Author: Lin X, Nishio K, Konno T, Ishihara K.
Department of Materials Engineering, School of Engineering, The University of Tokyo, 7-3-1, Hongo, Bunkyo-ku, Tokyo 113-8656, Japan.
Date published: 2012 Nov
Other: Volume ID: 33 , Issue ID: 33 , Pages: 8221-7 , Special Notes: doi: 10.1016/j.biomaterials.2012.08.035 , Word Count: 193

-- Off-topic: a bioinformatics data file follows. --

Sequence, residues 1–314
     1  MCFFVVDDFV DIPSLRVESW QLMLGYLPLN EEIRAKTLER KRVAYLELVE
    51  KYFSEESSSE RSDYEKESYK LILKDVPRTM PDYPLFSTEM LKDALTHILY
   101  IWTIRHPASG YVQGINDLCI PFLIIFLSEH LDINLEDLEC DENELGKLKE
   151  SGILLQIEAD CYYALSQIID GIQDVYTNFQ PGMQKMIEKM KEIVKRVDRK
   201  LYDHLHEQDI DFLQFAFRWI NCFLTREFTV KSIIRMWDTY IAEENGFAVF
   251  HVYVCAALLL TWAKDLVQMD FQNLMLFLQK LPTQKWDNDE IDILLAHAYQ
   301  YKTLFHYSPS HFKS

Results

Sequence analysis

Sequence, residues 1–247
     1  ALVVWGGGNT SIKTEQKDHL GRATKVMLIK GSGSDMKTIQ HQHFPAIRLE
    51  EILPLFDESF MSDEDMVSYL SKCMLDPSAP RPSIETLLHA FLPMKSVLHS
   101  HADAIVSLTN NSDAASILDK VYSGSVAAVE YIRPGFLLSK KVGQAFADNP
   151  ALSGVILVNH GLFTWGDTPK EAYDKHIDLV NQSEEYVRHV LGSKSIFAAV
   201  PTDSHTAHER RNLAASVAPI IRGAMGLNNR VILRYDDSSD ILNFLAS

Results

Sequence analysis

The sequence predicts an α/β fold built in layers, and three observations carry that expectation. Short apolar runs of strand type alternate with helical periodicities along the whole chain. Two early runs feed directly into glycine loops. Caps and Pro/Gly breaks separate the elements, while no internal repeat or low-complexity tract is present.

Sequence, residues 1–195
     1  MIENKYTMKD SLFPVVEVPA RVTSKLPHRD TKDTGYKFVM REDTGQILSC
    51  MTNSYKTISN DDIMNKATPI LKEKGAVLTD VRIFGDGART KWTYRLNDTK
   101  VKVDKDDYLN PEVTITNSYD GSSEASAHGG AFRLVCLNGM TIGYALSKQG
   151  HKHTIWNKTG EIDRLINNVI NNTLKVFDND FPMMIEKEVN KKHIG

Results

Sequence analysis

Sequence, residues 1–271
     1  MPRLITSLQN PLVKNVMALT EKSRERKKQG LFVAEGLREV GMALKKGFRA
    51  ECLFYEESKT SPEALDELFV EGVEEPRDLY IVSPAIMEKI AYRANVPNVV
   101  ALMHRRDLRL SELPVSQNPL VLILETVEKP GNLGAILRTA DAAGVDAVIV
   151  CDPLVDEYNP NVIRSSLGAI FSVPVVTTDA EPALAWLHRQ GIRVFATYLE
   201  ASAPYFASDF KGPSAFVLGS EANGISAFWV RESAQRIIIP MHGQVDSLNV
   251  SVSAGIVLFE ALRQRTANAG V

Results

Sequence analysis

Development of living cell-based devices holds great promise in many biomedical and industrial applications. To increase our understanding of the process, we investigated the biological and electrochemical properties of a redox phospholipid polymer hydrogel containing an electron-generating bacteria (Shewanella oneidensis MR-1). A water-soluble and amphiphilic phospholipid polymer, poly(2-methacryloyloxyethyl phosphorylcholine-co-n-butyl methacrylate-co-p-vinylphenylboronic acid-co-vinylferrocene) (PMBVF), was our choice for incorporation into a hydrogel matrix that promotes encapsulation of bacteria and acts as an electron transfer mediator. This hydrogel formed spontaneously and encapsulated Shewanella in three-dimensional structures. Visual analysis showed that the encapsulated Shewanella maintained viability and metabolic activity even after long-term storage. Cyclic voltammetry measurement indicated that the PMBVF/poly(vinyl alcohol) (PMBVF/PVA) hydrogel had stable and high electron transfer efficiency. Amperometric measurement showed that the hydrogel could maintain the electron transfer efficiency even when Shewanella was encapsulated. Thus, the PMBVF/PVA hydrogel not only provides a mild environment for long-term bacterial survival but also maintains electron transfer efficiency from the bacteria to the electrode. We conclude that hydrogel/bacteria hybrid biomaterials, such as PMBVF/PVA/Shewanella, may find application in the fabrication of living cell-based devices.
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